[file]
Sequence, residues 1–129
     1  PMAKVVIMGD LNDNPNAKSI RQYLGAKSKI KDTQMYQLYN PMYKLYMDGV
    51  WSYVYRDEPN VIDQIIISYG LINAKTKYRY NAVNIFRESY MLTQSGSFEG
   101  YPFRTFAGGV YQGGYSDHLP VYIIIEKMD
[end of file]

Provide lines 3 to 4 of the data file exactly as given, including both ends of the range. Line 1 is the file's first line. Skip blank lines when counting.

    51  WSYVYRDEPN VIDQIIISYG LINAKTKYRY NAVNIFRESY MLTQSGSFEG
   101  YPFRTFAGGV YQGGYSDHLP VYIIIEKMD